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That Chemistry has contributed, since the most remote ages, to Mankind scientific and technological development is a shared opinion. Yet, if one thinks it over, it has often played a leading role also in his cultural growth and social changes. Sometimes it had preceded or accompanied the key passages in his history, sometimes it followed and completed them. The following examples, showing several of these interactions, may be particularly useful, especially if one considers the general trend to separate and isolate the humanistic culture from the scientific one, enhancing their differences. Moreover they can stimulate young readers of this magazine to get a deeper knowledge of the events that are here shortly described, and to read again their literature, history, philosophy and art textbooks, in order to ask them for new proofs of the close relationships which have always linked the above branches of learning to the scientific ones, and to Chemistry in particular.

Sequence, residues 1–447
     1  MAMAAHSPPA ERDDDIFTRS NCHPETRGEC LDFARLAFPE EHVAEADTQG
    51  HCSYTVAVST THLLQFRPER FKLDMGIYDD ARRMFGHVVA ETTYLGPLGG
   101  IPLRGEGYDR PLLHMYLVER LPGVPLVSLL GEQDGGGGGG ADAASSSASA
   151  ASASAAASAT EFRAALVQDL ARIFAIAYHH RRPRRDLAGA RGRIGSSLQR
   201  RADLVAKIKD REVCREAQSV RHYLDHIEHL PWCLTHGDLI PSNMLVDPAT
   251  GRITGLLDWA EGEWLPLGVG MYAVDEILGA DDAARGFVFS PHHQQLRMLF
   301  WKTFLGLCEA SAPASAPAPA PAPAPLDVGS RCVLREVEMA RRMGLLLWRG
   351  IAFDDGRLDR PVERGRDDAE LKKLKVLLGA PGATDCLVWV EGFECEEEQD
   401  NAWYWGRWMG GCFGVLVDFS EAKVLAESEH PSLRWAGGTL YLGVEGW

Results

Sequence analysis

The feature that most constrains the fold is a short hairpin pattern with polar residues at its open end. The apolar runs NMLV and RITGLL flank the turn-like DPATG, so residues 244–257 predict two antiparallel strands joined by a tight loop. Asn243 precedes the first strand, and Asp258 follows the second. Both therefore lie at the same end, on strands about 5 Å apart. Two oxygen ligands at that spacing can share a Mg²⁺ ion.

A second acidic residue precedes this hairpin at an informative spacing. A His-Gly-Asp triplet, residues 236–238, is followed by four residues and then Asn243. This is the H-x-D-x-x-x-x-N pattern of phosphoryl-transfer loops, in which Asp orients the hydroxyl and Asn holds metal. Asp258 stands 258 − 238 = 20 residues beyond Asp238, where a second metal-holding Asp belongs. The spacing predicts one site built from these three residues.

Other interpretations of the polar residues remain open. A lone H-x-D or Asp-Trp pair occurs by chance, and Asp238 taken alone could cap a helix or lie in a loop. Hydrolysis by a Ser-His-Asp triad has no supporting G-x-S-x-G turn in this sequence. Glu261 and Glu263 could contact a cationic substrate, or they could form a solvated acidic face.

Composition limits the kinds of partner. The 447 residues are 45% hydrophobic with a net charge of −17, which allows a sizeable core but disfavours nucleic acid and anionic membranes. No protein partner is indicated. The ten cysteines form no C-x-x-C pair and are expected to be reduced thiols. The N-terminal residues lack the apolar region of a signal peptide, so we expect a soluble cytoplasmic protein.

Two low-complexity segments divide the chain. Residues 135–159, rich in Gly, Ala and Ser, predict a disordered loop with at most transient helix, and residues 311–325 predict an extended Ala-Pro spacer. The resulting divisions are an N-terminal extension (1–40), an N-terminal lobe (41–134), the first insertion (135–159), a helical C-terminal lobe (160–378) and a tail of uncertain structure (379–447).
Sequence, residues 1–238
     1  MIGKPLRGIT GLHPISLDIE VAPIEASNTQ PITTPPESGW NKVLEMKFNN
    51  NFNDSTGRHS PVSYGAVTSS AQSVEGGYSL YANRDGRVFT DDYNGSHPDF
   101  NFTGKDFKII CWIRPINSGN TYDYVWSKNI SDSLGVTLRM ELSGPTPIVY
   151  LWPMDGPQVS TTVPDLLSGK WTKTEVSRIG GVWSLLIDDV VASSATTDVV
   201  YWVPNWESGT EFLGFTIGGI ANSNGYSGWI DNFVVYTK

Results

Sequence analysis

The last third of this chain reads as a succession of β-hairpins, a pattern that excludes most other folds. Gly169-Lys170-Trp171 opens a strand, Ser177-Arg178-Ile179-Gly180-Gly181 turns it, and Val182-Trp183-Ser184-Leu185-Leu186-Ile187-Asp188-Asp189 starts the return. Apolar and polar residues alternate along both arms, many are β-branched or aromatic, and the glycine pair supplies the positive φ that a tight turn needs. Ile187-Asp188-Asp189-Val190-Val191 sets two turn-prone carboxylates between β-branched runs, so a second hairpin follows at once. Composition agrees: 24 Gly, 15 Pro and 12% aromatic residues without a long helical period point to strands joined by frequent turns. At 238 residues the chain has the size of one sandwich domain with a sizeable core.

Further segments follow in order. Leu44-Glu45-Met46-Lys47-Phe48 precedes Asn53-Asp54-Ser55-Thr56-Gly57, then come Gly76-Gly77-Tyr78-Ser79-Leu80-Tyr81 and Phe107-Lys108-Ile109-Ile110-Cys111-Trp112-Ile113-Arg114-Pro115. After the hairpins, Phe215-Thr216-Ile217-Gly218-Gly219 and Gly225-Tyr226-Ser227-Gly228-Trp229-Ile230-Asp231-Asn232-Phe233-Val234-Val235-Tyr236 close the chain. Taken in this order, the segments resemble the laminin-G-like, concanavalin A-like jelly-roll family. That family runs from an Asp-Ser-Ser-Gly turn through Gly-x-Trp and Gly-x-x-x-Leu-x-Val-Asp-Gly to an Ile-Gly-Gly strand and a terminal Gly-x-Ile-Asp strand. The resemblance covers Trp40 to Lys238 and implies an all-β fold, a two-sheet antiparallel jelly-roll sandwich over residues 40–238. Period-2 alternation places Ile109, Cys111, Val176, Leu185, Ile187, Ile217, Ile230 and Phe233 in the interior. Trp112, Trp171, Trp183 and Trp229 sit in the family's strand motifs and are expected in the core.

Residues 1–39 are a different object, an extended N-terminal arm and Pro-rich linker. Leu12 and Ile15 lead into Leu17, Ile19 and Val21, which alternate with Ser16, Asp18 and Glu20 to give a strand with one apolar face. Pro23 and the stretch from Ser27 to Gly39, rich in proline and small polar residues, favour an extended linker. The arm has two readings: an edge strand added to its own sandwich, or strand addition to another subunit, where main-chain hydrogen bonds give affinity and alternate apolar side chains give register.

Of course here Chemistry is not seen as the rigorous and complete science we know, but, better, as a body of activities, of watching and essaying, which have had the aim to understand the composition of material objects and to study and reproduce the changes they undergo and the heat exchanges that follow them.
The practice, more or less conscious, of manipulating substances to change them, started before man was able to record their procedures and take note of their effects. As a result of attempts, carried out without any arranged scheme, changing randomly the order of the operations, authentic chemical processes were set up, to extract colouring matter from minerals, plants, insects, shellfishes, to obtain fermented drinks or perfumes, rouges, ointments, to tan hides to make leather or to remove grease from wool and to dye fabrics.